Both sides eventually agreed to arbitration, and the workers won a wage increase of 7-8 cents. “What started out as an organization for equal wages turned into a mass movement against starvation, for civil rights, for a minimum-wage law,” Tenayuca recalled in 1987. The strike also marked “the first successful sally in what became the Mexican-American social justice movement,” notes University of Texas historian Don Carleton.

Courtesy of The San Antonio Light Collection, The Institute of Texan Cultures at UTSA. Fair use.

By August 1939, Tenayuca had been elected chair person of the Communist Party USA in Texas and was among others scheduled to speak at a gathering of her party at San Antonio’s Municipal Auditorium.

About 200 were in attendance, demanding union rights, a minimum wage, Social Security, and racial equality — goals that a local newspaper derided as a “socialist plot.” Ku Klux Klan members and several thousand other reactionaries rioted outside, and Tenayuca and the others were placed under temporary, protective custody.

This event was followed by a crackdown on Communists in the San Antonio workforce in which the political-economic machine of this city fired and denied employment to Communist workers and sympathizers.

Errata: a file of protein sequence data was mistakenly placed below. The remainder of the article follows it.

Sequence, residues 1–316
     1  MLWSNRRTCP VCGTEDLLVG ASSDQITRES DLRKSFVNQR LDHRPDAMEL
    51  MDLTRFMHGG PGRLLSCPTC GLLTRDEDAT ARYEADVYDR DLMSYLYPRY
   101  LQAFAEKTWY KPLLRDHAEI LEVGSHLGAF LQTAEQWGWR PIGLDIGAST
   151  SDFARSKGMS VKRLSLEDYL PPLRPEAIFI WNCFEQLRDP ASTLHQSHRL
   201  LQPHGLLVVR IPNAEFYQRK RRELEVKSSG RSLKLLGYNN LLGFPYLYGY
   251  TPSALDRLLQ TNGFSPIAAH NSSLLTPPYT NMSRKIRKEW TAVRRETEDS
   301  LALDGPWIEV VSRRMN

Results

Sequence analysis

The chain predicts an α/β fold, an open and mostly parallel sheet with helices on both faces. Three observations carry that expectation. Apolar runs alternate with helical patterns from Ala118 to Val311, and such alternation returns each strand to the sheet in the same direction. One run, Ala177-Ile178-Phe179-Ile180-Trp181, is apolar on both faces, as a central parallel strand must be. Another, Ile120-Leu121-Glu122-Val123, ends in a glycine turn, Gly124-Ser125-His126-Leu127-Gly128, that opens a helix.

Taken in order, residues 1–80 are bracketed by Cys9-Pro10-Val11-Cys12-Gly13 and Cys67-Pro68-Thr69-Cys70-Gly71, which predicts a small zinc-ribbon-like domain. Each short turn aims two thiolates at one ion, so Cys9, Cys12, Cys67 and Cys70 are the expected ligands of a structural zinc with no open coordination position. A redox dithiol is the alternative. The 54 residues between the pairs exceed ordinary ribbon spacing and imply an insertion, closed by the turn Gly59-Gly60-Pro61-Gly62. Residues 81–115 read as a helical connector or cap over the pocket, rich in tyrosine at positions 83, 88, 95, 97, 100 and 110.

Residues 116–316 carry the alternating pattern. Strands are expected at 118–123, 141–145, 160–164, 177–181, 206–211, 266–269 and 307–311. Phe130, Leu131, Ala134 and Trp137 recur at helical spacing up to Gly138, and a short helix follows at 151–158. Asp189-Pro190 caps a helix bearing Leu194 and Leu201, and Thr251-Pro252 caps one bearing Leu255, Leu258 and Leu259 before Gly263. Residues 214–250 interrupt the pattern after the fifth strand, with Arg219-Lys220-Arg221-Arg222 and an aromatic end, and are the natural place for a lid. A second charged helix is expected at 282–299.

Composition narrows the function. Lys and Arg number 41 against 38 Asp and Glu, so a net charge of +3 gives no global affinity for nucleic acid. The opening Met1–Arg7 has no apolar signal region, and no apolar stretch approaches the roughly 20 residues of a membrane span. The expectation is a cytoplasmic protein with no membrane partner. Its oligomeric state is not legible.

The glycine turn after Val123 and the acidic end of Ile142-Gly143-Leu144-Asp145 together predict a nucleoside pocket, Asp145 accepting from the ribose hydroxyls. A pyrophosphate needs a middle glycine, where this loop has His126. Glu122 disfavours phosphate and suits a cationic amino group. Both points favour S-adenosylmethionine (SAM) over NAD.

Tenayuca was unable to find work and was forced to leave San Antonio for California. After obtaining a degree there, she returned to San Antonio to serve her community as a school teacher. She earned a master’s degree and taught migrant workers’ children how to read in the Harlandale Independent School District until retiring in 1982.

Beginning in the 1970s, Tenayuca’s life became a topic of intense study within the Chicano Movement, and her achievements as a pioneering female civil rights leader were recognized by scholarly organizations like the National Association for Chicano and Chicana Studies and Mujeres Activas en Letras y Cambio Social (Women Active in Letters and Social Change). In 1981, the Institute of Texan Cultures made Tenayuca part of its exhibit of outstanding Texas women.

Emma Tenayuca was honored with a Texas historic marker at San Antonio’s Milam Park in 2011. “We’re very proud of the courage she had and that there is now recognition of the personal stands she took at such a young age,” said Sharyll Teneyuca, a San Antonio attorney and niece of the labor leader. (She spells her surname differently than her aunt’s.) “She was 21 when she led the pecan-shellers strike, and she was organizing long before that.”

Emma Tenayuca’s life has been the subject of murals by Theresa A. Ybáñez and others. Sharyll Teneyuca and San Antonio writer Carmen Tafolla wrote a children’s book, “That’s Not Fair: Emma Tenayuca’s Struggle for Justice/ No Es Justo: La Lucha de Emma Tenayuca por la Justicia,” in 2008. The book is currently available in a hardcover and a Kindle edition. Carmen Tafolla was San Antonio’s first Poet Laureate and the 2015 Poet Laureate of Texas.

Emma Tenayuca died July 23, 1999 in San Antonio, Texas.

From Wikipedia and other sources. Barbara Russum contributed to this article.

Updated October 6, 2017.